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Sweden says Saab needs new owner to get govt aid

STOCKHOLM, Feb 23 (Reuters) - Sweden is not prepared to consider loan guarantees to General Motors' GM.N Saab Automobile unit unless the carmaker finds a private investor to underwrite its business plan, the industry minister said on Monday.

Maud Olofsson told a news conference the government needed a private investor to answer for Saab’s turnaround and repeated the state should not own car makers.

“We need to know there is a secure ownership which takes responsibility for the business plan so that it (Saab) can show a profit in 2012, 2013,” Olofsson said in remarks broadcast live on public service radio.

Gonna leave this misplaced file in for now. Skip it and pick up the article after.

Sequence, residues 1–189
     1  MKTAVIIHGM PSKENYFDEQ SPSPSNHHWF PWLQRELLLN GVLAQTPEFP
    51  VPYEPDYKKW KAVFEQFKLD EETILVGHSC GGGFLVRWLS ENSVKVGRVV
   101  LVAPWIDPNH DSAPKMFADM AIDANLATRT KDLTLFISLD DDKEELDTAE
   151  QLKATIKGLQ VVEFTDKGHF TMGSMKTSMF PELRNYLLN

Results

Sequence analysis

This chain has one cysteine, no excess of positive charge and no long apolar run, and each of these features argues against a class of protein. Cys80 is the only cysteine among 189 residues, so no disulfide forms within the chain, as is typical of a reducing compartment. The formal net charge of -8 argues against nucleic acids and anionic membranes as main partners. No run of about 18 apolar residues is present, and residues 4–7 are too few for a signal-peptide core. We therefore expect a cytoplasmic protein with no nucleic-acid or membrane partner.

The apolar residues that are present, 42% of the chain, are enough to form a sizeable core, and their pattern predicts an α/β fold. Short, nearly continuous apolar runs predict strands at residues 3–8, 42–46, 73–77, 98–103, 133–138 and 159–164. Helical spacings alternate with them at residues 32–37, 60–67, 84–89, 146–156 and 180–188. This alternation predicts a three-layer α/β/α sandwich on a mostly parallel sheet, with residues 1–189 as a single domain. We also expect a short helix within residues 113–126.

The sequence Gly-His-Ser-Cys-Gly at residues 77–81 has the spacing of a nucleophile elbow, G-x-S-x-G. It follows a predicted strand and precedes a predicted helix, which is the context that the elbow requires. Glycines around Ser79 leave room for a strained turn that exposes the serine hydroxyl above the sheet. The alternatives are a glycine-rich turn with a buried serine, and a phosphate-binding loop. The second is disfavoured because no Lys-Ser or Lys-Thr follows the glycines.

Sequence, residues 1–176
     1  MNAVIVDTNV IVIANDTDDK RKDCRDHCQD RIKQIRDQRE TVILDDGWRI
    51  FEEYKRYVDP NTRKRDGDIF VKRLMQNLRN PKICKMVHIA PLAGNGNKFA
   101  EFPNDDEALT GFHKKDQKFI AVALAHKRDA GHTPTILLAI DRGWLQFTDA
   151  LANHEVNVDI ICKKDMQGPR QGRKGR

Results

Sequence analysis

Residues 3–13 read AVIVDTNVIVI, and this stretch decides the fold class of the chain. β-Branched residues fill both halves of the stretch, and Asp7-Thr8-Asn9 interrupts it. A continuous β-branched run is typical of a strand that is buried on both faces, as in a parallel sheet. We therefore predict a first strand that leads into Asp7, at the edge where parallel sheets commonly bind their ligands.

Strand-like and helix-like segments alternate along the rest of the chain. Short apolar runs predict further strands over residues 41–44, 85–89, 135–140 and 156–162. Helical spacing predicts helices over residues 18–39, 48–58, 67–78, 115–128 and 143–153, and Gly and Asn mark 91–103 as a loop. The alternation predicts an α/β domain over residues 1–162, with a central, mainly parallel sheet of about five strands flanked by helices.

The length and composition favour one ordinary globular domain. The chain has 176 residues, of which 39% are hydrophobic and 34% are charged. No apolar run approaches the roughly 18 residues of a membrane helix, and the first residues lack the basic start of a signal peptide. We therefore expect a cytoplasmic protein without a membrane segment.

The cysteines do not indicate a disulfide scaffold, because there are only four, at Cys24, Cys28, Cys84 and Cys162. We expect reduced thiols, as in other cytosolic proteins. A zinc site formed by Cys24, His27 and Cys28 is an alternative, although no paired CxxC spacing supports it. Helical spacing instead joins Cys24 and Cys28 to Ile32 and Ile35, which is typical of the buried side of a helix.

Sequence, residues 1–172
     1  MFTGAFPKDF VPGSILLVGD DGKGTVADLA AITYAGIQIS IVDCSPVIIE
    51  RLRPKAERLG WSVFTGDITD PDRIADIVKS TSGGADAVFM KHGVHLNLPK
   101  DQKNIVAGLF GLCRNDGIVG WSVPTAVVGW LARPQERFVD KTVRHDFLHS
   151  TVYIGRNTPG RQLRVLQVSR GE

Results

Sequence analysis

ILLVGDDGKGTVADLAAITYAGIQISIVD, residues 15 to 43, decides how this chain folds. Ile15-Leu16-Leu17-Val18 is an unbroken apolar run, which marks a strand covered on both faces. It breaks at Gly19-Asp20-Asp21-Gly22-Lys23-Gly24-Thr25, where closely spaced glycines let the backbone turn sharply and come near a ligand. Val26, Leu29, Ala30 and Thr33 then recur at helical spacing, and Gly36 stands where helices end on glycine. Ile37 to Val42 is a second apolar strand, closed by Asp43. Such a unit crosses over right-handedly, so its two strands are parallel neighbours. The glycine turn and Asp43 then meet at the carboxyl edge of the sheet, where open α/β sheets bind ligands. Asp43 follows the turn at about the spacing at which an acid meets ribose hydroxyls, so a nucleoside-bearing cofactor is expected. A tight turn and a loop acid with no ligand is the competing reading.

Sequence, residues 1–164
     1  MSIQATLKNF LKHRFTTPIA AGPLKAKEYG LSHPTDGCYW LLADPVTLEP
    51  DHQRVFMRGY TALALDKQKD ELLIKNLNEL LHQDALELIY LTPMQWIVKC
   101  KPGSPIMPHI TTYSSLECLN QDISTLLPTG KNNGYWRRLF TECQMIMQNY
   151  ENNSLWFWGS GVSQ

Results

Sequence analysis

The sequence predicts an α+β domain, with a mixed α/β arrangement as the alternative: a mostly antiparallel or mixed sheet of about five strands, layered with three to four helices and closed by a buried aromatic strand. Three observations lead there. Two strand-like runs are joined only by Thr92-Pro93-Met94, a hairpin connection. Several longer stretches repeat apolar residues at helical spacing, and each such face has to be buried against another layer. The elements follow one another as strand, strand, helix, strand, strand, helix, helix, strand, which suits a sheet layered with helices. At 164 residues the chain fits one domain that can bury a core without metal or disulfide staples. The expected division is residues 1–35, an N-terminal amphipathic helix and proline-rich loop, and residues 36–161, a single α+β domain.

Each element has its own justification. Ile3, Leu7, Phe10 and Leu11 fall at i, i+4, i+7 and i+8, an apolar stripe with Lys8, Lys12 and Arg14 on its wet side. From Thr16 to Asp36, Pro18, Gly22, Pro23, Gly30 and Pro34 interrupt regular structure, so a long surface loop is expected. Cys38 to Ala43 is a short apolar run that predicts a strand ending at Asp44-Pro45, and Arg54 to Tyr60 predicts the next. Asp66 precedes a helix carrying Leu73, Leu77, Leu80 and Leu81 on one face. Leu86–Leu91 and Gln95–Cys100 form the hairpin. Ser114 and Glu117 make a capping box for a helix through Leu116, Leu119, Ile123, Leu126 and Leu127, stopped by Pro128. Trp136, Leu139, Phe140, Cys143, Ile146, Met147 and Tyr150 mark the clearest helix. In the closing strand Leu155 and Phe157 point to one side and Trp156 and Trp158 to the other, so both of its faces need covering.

At the weekend Swedish media quoted Saab’s CEO as saying rival carmakers were among potential investors in the company, which was granted protection from its creditors on Friday by a Swedish court.

Olofsson said since GM has declared it would cut its ties to Saab in a year, a new owner was a prerequisite for the government to believe the Swedish car brand had a future.

“Let us hope those who have contacted (Saab) are the kind of interested parties who are prepared to step in,” she said.

The government has welcomed a reorganisation of Saab, but has said it believes its turnaround plan -- in which it projects profitability in 2011 -- is too optimistic. Saab estimates it made a loss of 3 billion crowns ($543 million) last year and expects a similar result this year.

GM has said it will fund some of Saab’s liquidity needs but that it will not keep the company beyond January next year.

Sweden’s government also said it was preparing to apply for 4 billion Swedish crowns from the European Globalisation adjustment Fund to support Sweden’s south-western region, which is home to much of the country’s auto industry.

Reporting by Victoria Klesty; editing by John Stonestreet

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